Wednesday, November 7, 2012

Global Economy

President Barack Obama faces lots of issues around the world that pose significant risks to the US economy. The fiscal cliff may actually be the easiest one to deal with if a deal can be struck between the Democrats and Republicans.

Making deals to peacefully resolve the conflicts between Israel and Iran, China and Japan, and the already warring factions in Syria could be much more challenging. If any of these conflicts worsens, the global economic expansion potentially could be disrupted. For now, the global economy is growing, though at a slow pace on balance, despite the recession in Europe. Let’s review:

(1) US and China. The latest batch of US economic indicators for October confirms that the US economy continues to grow at a leisurely pace despite fears that growth could stall. We reviewed Friday’s better-than-expected employment data on Monday. Yesterday, we reviewed the PMIs, which are all above 50.

Moving above 50 for the first time since July was China’s M-PMI during October, but just barely to 50.2. China’s NM-PMI was stronger last month, rising to 55.5 from 53.7 the previous month. Elsewhere in the Asia-Pacific region, Indonesia’s real GDP growth held above 6% for an eighth quarter as domestic consumption and rising investment countered an export slump.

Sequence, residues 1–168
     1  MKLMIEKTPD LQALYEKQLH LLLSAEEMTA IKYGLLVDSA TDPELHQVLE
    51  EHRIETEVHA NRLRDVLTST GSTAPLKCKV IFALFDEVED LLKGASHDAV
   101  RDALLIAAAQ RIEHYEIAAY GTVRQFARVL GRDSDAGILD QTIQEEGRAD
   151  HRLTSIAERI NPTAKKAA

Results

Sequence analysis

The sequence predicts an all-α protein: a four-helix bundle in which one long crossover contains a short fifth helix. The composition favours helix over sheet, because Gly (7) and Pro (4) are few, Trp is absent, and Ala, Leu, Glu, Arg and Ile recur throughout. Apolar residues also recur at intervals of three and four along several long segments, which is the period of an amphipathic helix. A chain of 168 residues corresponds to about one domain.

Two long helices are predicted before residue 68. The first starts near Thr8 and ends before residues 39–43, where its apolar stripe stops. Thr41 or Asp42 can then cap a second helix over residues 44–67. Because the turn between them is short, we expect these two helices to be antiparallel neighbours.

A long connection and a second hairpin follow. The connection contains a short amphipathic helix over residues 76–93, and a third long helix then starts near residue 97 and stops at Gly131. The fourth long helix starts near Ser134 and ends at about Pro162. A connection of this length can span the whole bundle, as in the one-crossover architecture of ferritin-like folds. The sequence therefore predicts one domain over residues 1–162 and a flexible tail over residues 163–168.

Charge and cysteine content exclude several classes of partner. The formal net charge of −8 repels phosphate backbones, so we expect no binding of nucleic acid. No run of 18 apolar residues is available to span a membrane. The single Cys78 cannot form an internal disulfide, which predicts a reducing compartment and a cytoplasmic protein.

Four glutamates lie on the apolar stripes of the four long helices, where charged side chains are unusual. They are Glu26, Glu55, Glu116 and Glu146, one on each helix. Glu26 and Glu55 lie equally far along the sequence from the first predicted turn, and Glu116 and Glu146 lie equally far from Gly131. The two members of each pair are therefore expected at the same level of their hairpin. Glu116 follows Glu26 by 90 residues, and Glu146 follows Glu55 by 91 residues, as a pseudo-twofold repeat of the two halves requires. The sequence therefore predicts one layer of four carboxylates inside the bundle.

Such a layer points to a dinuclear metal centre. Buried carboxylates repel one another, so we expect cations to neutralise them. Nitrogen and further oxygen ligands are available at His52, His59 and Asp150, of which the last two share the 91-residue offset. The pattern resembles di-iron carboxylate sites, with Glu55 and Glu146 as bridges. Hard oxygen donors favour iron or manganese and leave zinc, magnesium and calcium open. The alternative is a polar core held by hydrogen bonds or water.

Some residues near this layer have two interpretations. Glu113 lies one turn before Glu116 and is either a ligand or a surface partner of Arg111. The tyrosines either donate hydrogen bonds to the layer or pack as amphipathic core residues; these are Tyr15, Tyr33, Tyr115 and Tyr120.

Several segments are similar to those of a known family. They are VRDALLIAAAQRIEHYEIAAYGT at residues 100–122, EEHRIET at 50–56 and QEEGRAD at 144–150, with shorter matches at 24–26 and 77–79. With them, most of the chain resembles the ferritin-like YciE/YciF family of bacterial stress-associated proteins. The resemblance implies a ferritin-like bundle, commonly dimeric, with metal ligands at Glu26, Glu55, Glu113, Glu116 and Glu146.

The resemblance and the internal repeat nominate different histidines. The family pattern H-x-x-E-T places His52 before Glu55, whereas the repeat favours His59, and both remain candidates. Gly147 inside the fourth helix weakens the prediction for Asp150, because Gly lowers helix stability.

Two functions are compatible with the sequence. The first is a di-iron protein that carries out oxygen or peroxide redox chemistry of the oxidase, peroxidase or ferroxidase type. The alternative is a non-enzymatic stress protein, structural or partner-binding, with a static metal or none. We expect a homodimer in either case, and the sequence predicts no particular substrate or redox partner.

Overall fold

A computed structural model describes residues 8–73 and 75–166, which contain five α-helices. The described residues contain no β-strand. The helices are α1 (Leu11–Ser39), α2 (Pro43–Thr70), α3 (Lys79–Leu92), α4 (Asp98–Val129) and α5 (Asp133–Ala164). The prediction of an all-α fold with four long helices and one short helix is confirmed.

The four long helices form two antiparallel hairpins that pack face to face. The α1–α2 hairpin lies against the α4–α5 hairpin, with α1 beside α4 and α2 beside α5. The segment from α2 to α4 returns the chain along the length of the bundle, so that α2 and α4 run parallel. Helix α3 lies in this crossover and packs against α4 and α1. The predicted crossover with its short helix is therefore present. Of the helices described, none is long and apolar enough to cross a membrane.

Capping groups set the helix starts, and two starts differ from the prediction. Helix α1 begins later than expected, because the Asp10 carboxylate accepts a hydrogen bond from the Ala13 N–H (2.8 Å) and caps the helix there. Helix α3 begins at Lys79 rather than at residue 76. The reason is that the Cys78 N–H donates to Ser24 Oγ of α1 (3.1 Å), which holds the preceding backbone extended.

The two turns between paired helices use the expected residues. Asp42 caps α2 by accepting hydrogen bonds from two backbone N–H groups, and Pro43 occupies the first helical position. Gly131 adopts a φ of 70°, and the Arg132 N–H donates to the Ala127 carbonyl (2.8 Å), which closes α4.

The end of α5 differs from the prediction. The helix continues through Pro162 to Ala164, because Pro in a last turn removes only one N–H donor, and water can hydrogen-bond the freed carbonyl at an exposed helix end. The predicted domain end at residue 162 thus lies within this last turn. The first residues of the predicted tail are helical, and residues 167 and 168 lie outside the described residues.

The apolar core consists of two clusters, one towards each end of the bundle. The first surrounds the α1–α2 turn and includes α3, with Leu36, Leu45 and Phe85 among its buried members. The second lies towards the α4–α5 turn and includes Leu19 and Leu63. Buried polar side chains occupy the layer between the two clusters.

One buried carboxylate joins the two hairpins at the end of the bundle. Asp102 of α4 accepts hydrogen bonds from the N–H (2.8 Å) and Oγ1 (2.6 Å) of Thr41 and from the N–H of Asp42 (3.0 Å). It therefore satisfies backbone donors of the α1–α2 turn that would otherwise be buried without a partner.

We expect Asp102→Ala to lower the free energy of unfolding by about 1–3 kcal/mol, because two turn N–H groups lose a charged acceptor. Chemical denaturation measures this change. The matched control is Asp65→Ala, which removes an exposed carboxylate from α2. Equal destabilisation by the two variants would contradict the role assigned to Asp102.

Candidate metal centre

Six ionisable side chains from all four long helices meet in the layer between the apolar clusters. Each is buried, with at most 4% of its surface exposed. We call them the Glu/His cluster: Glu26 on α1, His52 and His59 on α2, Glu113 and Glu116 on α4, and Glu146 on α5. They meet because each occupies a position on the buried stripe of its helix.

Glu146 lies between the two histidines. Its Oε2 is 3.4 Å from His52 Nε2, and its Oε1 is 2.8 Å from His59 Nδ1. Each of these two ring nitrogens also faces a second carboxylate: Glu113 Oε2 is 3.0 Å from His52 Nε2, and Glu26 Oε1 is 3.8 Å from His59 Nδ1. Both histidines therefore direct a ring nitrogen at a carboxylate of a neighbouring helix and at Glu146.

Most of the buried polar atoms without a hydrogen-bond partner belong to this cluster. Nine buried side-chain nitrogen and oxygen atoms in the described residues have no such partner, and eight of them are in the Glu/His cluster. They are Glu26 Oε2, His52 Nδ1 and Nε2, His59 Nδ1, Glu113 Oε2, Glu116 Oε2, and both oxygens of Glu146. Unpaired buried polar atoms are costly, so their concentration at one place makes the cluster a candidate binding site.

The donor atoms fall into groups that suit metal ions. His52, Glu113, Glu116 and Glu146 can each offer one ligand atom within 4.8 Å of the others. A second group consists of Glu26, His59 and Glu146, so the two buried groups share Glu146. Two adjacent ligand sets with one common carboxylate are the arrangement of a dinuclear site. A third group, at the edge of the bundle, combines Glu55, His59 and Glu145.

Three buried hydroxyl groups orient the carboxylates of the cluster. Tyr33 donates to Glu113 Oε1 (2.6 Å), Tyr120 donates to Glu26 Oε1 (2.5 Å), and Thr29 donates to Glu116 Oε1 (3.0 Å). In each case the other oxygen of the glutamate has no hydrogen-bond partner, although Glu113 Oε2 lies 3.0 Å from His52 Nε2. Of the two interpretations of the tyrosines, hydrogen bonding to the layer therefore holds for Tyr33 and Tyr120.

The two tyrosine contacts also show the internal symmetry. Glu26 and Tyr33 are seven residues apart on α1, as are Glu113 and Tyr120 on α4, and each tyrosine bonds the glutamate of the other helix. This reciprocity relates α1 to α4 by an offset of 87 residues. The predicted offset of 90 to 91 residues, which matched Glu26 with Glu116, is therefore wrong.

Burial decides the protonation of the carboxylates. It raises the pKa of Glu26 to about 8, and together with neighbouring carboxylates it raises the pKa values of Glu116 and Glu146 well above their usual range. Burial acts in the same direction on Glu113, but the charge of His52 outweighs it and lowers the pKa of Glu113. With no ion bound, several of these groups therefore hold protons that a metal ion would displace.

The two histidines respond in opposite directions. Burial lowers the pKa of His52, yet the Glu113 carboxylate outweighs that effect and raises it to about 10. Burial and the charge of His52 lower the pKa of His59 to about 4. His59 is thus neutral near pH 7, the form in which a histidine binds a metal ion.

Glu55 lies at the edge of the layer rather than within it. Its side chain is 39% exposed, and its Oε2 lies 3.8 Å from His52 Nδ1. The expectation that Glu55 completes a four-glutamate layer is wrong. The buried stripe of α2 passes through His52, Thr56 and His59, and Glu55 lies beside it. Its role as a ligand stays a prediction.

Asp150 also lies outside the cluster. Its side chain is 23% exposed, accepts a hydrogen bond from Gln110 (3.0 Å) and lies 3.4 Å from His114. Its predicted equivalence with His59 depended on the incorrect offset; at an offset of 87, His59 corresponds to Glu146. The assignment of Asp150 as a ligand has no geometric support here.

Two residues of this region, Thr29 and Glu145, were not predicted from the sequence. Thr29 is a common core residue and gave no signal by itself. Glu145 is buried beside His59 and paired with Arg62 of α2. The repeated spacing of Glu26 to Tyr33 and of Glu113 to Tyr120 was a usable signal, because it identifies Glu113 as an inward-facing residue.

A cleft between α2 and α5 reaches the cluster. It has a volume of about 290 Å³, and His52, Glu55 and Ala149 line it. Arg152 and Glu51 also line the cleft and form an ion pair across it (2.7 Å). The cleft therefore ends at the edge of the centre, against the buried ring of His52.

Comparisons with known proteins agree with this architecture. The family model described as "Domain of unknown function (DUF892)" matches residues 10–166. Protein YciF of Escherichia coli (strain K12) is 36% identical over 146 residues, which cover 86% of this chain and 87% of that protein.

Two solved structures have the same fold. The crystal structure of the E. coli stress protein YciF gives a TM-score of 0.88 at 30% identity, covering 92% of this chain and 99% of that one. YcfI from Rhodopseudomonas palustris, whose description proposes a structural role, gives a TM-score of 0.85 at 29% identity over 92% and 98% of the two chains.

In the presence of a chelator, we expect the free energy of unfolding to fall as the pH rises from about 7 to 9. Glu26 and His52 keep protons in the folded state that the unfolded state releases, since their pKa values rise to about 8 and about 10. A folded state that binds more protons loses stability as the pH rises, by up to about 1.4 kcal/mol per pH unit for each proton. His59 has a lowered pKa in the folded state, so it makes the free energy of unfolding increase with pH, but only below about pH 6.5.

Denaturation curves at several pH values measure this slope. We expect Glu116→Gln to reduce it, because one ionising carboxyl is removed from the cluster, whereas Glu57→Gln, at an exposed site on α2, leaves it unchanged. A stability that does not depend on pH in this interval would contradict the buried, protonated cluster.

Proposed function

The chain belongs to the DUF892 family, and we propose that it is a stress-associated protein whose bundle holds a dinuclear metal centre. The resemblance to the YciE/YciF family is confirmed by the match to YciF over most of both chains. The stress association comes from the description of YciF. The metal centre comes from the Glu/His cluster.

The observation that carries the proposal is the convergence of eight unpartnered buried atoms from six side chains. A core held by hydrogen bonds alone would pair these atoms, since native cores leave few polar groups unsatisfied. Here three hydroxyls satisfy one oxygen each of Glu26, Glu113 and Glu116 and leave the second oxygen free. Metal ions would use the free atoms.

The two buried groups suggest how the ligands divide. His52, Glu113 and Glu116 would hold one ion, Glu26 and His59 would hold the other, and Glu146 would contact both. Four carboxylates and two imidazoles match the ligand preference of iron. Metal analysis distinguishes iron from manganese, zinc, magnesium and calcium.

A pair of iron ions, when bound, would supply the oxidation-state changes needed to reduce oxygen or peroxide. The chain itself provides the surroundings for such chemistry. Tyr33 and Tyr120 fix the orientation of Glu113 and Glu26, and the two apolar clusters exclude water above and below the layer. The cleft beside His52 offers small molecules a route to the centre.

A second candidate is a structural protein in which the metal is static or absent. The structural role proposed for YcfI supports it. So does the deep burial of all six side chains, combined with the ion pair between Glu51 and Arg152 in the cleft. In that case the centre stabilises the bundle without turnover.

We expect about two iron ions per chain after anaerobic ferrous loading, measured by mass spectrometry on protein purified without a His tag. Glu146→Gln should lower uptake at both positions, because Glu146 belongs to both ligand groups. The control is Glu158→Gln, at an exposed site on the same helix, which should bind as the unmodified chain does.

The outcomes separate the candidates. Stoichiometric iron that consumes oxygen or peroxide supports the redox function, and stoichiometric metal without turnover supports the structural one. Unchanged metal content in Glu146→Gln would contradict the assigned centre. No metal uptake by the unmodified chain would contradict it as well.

(2) Europe. On the other hand, German factory orders fell by 3.3% during September. Foreign orders tumbled by 4.5%, led by a plunge of 9.6% in orders from the euro zone. Domestic bookings dropped by 1.8%. The area's recession is starting to spread into the strongest economy in the euro zone. That’s confirmed by the latest M-PMIs, with the one for Germany falling 1.4 points to 46.0 (a two-month low). France’s index (43.7) remained around September’s 41-month low of 42.7, and Italy’s M-PMI dropped to a 40-month low of 45.5.

Today's Morning Briefing: Another Storm. (1) Still powerless. (2) Hello again from MiFi. (3) Noah has left the neighborhood. (4) Storm surge vs. fiscal cliff. (5) Still in power in DC. (6) This too shall pass. (7) Despite disappointments, earnings estimates are holding up. (8) They are falling for Materials, IT, and Industrials. (9) Earnings outlook improving for Financials and Telecom. (10) “Stay Home” rather than “Go Global” for another year? (More for subscribers.)

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